“I believe it’s still in me, that I can turn you… up! Side… and Down!”, the opening lines from Thumb’s debut UK album contains a certain exuberant passion reminiscent of the earnestly shrieked _“leather! Metal !Spikes… and chaaains!” _line in the “classic” Manowar song ‘Gloves of Metal’, which requires frequent repetition and passionate interpretations when inebriated.
Not that I’m comparing *Thumb *to Manowar or anything. Indeed “3” is a jumpier and chunkier metallic offering with more muscle and depth than anything the self-proclaimed Kings of Metal could muster.
Born into the hardcore and punk of the early 90s this Dusseldorf quintet, although nu-metal in their intentions, bring to the fray elements of Straightfaced and Snapcase, the latter particularly evident in ‘Stupid’, with it’s sliding riff alternations.
However, what Snapcase lacked in melody & fierce emotionally charged vocals Thumb have in heart-wrenching abundance. Lines like _“Pain, hate, fear & jealousy… feed my sadness & my agony/ I’m in a spot where nothing can feel right” _are sung suspiciously over-emotional, brimming over with impassioned feeling. Sudden vitriolic outbursts like _“I’m still fucking you up” _along with frankly unneeded DJ scratches and predictable Papa Roach rapping signals both the adolescent audience which* Thumb *are aiming for but through repeated listens, unlike other acts wringing every ounce of originality from this genre, Thumb touch on elements which may see a progression beyond the four walls of rapping, downtuned riffs, persecution and DJs.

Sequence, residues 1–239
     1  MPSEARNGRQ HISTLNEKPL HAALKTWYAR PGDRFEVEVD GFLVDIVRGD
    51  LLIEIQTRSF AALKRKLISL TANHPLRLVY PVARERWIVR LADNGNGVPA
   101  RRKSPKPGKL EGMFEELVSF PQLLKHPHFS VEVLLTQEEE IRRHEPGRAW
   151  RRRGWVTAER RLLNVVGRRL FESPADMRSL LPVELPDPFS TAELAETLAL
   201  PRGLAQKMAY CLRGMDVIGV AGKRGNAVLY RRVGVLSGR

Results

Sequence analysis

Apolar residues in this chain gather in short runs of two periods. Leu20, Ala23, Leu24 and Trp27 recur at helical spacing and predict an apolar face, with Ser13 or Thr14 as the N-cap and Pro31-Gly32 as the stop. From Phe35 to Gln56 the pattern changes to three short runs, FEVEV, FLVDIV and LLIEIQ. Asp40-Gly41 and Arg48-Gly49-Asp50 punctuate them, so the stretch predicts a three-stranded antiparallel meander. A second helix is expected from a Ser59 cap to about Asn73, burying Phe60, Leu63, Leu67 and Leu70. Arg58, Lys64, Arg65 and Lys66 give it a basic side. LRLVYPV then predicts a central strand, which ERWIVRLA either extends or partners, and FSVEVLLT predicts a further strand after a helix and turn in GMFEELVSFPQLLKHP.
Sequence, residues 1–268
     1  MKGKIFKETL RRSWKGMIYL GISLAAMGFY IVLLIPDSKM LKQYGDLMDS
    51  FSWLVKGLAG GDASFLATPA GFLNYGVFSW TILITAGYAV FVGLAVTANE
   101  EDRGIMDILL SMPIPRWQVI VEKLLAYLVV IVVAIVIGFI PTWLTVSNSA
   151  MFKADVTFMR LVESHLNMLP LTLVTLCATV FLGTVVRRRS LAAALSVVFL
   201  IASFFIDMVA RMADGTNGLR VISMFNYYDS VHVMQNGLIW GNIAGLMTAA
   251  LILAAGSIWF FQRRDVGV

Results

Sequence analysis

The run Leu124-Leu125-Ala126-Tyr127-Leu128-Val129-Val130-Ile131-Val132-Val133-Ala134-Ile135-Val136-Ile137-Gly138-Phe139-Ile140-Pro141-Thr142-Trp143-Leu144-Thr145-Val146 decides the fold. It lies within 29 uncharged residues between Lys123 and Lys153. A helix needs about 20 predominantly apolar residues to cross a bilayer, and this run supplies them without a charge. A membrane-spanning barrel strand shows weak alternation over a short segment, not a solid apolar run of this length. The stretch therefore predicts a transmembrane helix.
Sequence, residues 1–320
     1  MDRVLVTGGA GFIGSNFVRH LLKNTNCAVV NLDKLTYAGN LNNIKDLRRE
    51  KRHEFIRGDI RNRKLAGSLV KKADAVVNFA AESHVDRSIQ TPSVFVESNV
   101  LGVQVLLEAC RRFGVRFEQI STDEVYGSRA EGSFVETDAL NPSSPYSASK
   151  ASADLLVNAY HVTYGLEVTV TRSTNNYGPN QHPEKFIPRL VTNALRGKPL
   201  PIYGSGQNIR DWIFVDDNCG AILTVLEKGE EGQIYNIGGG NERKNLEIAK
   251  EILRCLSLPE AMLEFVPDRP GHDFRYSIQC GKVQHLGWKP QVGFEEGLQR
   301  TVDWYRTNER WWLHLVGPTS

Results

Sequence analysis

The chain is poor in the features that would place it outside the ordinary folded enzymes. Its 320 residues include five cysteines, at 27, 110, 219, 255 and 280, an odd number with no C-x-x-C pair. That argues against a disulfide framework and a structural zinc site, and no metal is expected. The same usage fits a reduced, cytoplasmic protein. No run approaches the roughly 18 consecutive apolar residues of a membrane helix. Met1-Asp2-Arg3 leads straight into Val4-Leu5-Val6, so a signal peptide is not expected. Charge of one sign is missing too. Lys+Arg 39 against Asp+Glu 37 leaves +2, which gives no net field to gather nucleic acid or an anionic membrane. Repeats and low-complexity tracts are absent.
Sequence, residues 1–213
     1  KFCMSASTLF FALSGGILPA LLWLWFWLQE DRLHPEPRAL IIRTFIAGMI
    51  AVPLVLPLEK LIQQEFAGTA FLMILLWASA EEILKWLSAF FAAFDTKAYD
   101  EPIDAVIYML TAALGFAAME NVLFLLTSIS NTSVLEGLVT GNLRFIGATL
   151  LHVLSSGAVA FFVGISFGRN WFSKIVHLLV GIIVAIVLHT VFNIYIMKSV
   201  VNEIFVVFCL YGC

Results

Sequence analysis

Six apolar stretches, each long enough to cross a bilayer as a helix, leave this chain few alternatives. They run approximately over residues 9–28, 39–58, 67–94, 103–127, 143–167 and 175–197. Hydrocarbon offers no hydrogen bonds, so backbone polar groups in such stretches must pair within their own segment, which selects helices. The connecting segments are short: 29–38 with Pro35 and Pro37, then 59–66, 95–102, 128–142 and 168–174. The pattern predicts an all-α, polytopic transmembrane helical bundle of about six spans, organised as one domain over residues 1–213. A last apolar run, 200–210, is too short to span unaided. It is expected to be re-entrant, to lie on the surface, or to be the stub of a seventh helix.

It’s as if the blind’s have been opened & a new approach to metal is clear to see but the band in question feel restricted by their chosen genre in order to expand. I suppose we’ll have to wait until their third long-player to see if this is affirmed. It’s like listening to Lost Prophet’s debut and being on tenterhooks for an album with songs which fully indulge into ideas touched briefly on previous efforts. And like the aforementioned debut “3” is armed with strong & musically powerful songs which, despite what’s already been said in this review, strangely draw you into the album throughout it’s course. Songs like “Fade Away’, “Break My Back” and the Deftones-y feel of ‘More’ where varied dynamics are explored as much as shaded dual guitar harmonies.
Thumb and EMI might be looking for chart success considering how sunny today’s rock climate has become with Papa Roach & Linkin Park (the latter’s recent album having been the 10th best selling album in the UK this year). But with the yoof of today’s fickle music taste the simple fact they’re German may mean the disapproval of some baggy-panted ‘homies’.
As for the more open-minded nu-metallers I’d recommend giving Thumb a chance.
7Mat Hocking's Score